financial advice for high schoolers

From the Simple Dollar:

Seven Pieces Of Financial Advice For A High School Student

By Trent on Advice

My niece is a wonderful young woman – a good head on her shoulders, decision making as strong as you could hope for in a high school sophomore, and an entrepreneurial spirit. My only concern about her is a sense that she hasn’t quite figured out the value of a dollar and that she’s prone to credit misuse.

Last night, I spent some time thinking about the things I wish she knew right now at this point in her life so that she wouldn’t go on to make horrendous mistakes with her finances later on like her uncle did. Here’s what I came up with, and they’re probably applicable to any high school student with a level head.

Do not carry a credit card balance. It’s okay to get a credit card, but pay off the entire balance each month. If you’re tempted to use it to buy something that you can’t otherwise pay for, don’t. Period. Let’s say you buy a Nintendo Wii and a few accessories and put $400 on your credit card, then only make minimum payments for a year. On a typical “first” credit card with a 19.9% APR, you’ll have just watched $80 vanish into thin air. Now, multiply that by twenty and you’re looking at the situation that the “average” American is in, watching literally thousands a year just vanish because they carry a credit card balance.

Put a small amount in the bank each week and forget about it until you’re about to make a big purchase or a true emergency comes up. Let’s say you can put $5 in the bank every week starting on your 16th birthday. That adds up to $260 a year, so if you cash out at your 26th birthday, you’ll have deposited $2,600. But it gets better – you can easily get a savings account that earns 5% interest. You’ll actually get out $3,352. The bank will give you $752 over that time.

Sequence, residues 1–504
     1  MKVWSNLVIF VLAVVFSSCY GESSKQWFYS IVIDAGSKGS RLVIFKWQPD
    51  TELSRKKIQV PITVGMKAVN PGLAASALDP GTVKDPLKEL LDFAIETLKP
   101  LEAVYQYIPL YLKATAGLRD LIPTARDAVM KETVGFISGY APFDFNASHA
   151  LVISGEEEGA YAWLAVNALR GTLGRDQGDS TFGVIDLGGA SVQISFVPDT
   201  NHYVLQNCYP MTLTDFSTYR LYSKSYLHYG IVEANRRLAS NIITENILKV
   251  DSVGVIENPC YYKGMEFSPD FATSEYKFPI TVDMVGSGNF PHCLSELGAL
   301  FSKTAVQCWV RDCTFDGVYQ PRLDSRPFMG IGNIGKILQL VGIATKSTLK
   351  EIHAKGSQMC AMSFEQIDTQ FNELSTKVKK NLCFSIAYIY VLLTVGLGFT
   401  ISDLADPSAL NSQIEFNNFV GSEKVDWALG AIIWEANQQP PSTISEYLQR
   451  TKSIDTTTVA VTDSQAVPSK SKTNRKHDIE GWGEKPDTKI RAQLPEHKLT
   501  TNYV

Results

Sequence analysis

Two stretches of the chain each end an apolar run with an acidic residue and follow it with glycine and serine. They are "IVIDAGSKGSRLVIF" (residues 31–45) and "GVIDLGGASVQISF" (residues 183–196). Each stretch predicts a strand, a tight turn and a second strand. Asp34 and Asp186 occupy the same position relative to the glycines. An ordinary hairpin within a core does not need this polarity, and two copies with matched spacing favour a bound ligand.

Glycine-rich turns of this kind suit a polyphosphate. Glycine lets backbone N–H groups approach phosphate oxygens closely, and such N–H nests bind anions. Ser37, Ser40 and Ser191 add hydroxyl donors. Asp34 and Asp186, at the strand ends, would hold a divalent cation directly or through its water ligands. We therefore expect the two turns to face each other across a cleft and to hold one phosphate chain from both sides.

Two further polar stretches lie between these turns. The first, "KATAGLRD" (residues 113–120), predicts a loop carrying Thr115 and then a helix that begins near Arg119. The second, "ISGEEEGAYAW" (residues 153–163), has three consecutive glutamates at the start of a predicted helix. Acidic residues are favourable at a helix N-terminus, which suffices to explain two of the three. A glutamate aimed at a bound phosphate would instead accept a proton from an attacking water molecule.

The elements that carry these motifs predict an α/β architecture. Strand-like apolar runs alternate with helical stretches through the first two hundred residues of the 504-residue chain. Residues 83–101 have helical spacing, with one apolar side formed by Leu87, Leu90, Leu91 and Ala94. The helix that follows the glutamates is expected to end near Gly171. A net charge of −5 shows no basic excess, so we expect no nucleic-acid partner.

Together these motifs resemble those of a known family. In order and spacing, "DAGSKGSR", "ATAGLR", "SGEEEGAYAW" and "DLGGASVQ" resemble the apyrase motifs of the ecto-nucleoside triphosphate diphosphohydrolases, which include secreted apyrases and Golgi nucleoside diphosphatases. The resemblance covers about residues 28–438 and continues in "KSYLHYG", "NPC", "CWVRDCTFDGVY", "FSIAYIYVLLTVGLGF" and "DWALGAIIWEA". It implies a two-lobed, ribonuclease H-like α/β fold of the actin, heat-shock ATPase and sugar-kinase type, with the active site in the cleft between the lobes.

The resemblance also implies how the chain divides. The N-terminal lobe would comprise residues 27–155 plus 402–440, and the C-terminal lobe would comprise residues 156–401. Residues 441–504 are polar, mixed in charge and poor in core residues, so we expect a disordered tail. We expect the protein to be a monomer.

Learn how to learn. Most high school classes are pretty easy for a bright person and don’t require much effort to get through. It’s really tempting to take easier options and not worry about it; instead, always take the hardest one you can take. It will force you to learn how to learn, a skill that will serve you well the rest of your life.

Start a side business. My niece already has a small babysitting empire, but most teenagers can find a way to earn some money. Many parents in my area encourage their kids to get jobs – instead, I encourage kids to start a side business. Mow lawns. Trim hedges. Scoop snow. Start a topic-oriented blog (meaning a topic that isn’t you that others might find interesting).

Take a leadership position. Join an organization and make an effort to be involved with it. Eventually, take a leadership position in it. Why? Learning how to manage people and make choices that affect others is another skill that will serve you throughout your life – and if you learn how to do it well, it will make you a lot of money.

There is no such thing as a free lunch. If someone is offering you something for free, there’s usually something they’re getting out of it in return. A free t-shirt is probably an advertisement. A free web service is likely littered with ads in some fashion. The better you are at spotting why things are being given away for free (or for really cheap), the smarter you’ll be about buying things and the less you’ll spend in the process.

If you’ve discovered something you enjoy and you’re actually good at, do it a lot. Almost always, there’s a way to make money from a highly developed skill. Anything from playing a guitar (music can be marketable, teaches hand-ear and hand-eye coordination and dexterity) to playing a sport (leadership skills, health) can work. It’s especially nice if there’s an obvious career path from it, but don’t let that limit you. Even better, if you can find a way to turn that thing you do into a side business, you might be setting yourself up for the long haul.

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